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Wednesday, January 16 , 2019, 2:15 am | Overcast 54º


Cinema in Focus: ‘I, Tonya’

3 Stars — Challenging

In the history of modern Olympics, there are standout moments that forever will be remembered as great accomplishments in artistry and athletic skills. There are also moments when the whole world will remember the worst of human behavior, whether it was the shooting of Israeli athletes at the 1972 Summer Olympics in Munich, or the 1994 attack on figure skater Nancy Kerrigan by competitor Tonya Harding’s ex-husband. It was this latter bizarre and very public attack that got Harding banned from professional skating for life and became the basis for the film I, Tonya.

Harding, played masterfully by Margot Robbie, gives us a view of the rise to Olympic status that is not glamorous or one that emerges from a life of sports privilege. Raised by LaVona Golden (Allison Janney), a single mother who disrespects her daughter and anyone who comes in contact with her, we see Harding rise in her stature and skills in spite of the less-than-adequate loving relationship or circumstance into which she was born. (Both Robbie and Janney were nominated for Best Actress and Best Supporting Actress at the 2018 Academy Awards, and Janney won the Oscar for Best Supporting Actress.)

Harding, who never had the training and economic support afforded many other Olympic hopefuls, dropped out of high school and rose to the enviable position as the Skate America champion in 1989. By the time she was on her way to the 1994 Olympics, where she was to become a silver medalist, she had married and then divorced her husband, Jeff Gillooly (Sebastian Stan). At the top of her game in 1991, she earned the distinction as being the first American woman to successfully land a triple axel in competition.

Then it all came tumbling down. Between her conniving mother and jealous ex-husband, and with the bumbling assistance of her so-called bodyguard, Shawn (Paul Walter Hauser), they conceived a plan to eliminate Harding’s competition in the Olympics. Their tactics and attack rivaled the Three Stooges for incompetence, and although Harding knew nothing of the plot to break Kerrigan’s leg, it was Harding who paid the biggest price when she was banned for life from the competition.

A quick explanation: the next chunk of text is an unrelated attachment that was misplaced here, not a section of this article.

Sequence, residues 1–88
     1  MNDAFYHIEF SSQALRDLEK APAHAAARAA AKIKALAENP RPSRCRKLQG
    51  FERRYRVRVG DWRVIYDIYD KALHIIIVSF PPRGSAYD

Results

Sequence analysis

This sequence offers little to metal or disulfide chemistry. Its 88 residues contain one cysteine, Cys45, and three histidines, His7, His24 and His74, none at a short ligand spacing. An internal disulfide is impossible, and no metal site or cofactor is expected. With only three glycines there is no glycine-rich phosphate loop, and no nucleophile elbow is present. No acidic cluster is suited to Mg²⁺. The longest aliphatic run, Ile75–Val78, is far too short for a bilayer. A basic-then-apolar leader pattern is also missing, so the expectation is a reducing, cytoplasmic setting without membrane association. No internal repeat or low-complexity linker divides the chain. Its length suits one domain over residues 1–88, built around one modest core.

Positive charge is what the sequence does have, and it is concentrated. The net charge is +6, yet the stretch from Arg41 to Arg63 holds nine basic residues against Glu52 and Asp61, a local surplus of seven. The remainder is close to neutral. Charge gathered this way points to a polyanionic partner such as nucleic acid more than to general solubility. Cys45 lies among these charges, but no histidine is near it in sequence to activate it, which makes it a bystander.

It is hard to say where Harding’s life would have gone after the Olympics, but the circumstances of her family dealt her a fatal blow in the sport that she loved, and her moment of self-achievement was lost forever. Raised in obscurity, she descended back into obscurity after the Olympic debacle and is still living out her life in meager circumstances. Despite her love of skating, in the late 1990s Harding went on to become a professional boxer.

Many countries subsidize, train and cultivate their athletes for competition on the world stage, but most of the athletic disciplines in the United States are left to local associations and people who can afford on their own to participate in early training. Professional backing, though, doesn’t mean that the temptation to cheat goes away. All we have to look at is the 2018 Olympics where the Russian Federation was banned from participating because of widespread doping to increase its competitive position.

The primary tragedy in I, Tonya is centered on what happened in her Olympic loss. The equally obvious tragedy is the dysfunctional lack of love that her mother gave her in her formative and adult years. Unfortunately, that lack of support is far more pervasive than the story of Harding in the world of sports, and it's epidemic in our culture today.


» Do you believe the decision to ban Harding for life was just? Why?

» Do you think that the Olympic system is fair? Why or why not?

— Cinema in Focus is a social and spiritual movie commentary. Hal Conklin is a former mayor of Santa Barbara and Denny Wayman is the retired pastor of Free Methodist Church of Santa Barbara and lead superintendent of Free Methodist Church in Southern California. For more reviews, visit www.cinemainfocus.com, or follow them on Twitter: @CinemaInFocus. The opinions expressed are their own.

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